Lord of the Rings: The Two Towers Special Extended Edition Peter Jackson

Lord of the Rings: The Two Towers Special Extended Edition Peter Jackson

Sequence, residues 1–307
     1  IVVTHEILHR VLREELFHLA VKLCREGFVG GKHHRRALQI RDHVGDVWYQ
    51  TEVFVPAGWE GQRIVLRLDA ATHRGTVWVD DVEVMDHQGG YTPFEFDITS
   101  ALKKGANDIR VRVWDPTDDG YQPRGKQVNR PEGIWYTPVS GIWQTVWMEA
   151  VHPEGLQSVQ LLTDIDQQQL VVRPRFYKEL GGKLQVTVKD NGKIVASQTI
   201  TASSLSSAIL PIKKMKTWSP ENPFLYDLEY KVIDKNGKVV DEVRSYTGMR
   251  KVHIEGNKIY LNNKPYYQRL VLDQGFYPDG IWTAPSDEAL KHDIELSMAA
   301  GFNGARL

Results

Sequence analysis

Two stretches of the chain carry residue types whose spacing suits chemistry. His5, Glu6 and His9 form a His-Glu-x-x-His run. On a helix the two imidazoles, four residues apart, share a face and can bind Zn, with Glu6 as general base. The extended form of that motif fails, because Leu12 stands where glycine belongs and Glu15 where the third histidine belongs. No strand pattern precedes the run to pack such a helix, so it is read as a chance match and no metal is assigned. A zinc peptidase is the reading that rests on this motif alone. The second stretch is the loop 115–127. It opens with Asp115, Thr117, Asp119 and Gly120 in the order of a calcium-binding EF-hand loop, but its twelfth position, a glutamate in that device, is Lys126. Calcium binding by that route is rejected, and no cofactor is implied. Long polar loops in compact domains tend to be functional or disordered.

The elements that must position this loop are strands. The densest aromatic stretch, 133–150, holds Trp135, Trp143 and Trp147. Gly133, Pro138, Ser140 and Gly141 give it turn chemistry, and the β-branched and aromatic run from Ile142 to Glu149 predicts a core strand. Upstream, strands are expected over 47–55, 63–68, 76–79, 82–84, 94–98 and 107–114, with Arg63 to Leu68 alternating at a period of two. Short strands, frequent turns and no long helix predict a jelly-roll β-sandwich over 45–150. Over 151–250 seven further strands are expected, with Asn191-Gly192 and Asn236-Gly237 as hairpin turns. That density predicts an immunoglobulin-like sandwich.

Actor Christopher Lee, who plays Two Towers baddie Saruman the White, reads The Lord of the Rings trilogy every year and has for decades. The richness of detail with which author J.R.R. Tolkien suffused his books make them worth the return, time and again throughout a lifetime. With the second in the trilogy's Special Extended Editions, Peter Jackson is forging a similar bond with film fans; here, spanning four discs, is a definitive version of Middle-earth's middle child, adding 43 minutes of new footage to the film itself, making for a statelier pace and hours upon hours of the processes gone through to achieve it. Inconceivable as it may seem, Peter Jackson has once again improved upon his theatrically released Ring films, fleshing out important characters like Miranda Otto's Eowyn and Boromir's brother Faramir (David Wenham). Sean Bean's Boromir even makes a return appearance in an extensive flashback seen here. But even given the breadth of accomplishment, The Two Towers is destined to remain the red-headed stepchild of the trilogy, and the extras here openly acknowledge that fact. With the pressure on Fellowship of the Ring to establish the world, and director Peter Jackson most enthusiastic about Return of the King, The Two Towers was left without a beginning or an end, and a tricky three-split narrative to negotiate. In its hours of documentary featurettes, Jackson wisely shies away from simply repeating the technical details covered in the first film's Special Extended Edition; the extras here are looser and more anecdotal in many spots. Gollum of course gets a lot of attention, but so does Helm's Deep, the creation of the Ents and the conflicts of the film itself, in storytelling and editing terms. Like Fellowship, The Two Towers is graced with four separate commentaries (director and writers, cast, design team and production/postproduction teams) coherently edited together to make for an intelligent, flowing lecture on the film itself. This isn't something to enjoy over an evening's popcorn; like Christopher Lee's annual ritual, these Special Editions are to be savoured and returned to repeatedly. Upon completion, they will sit as a trilogy, a collector's monument to Peter Jackson. Upon completion, they will sit as a trilogy, a collector's monument to Peter Jackson. To the most ambitious film project ever chronicled. To the greatest achievement in film history. Plus: interactive maps, galleries with commentary, interactive sound demonstration, more. (New Line/Alliance)